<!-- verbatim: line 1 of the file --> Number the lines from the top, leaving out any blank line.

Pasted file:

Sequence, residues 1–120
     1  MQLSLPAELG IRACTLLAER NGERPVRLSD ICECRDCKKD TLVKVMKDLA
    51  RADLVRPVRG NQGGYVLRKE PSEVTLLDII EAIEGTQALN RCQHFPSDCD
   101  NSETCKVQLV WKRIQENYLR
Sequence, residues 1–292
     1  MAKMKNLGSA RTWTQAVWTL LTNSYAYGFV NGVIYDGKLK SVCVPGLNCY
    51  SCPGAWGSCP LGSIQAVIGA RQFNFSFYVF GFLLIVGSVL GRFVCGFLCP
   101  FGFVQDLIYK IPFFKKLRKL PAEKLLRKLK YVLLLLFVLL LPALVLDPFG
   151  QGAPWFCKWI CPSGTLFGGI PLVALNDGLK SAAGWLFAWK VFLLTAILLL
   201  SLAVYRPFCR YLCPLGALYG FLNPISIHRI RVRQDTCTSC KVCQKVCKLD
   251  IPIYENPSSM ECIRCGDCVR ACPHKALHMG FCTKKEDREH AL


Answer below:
Sequence, residues 1–120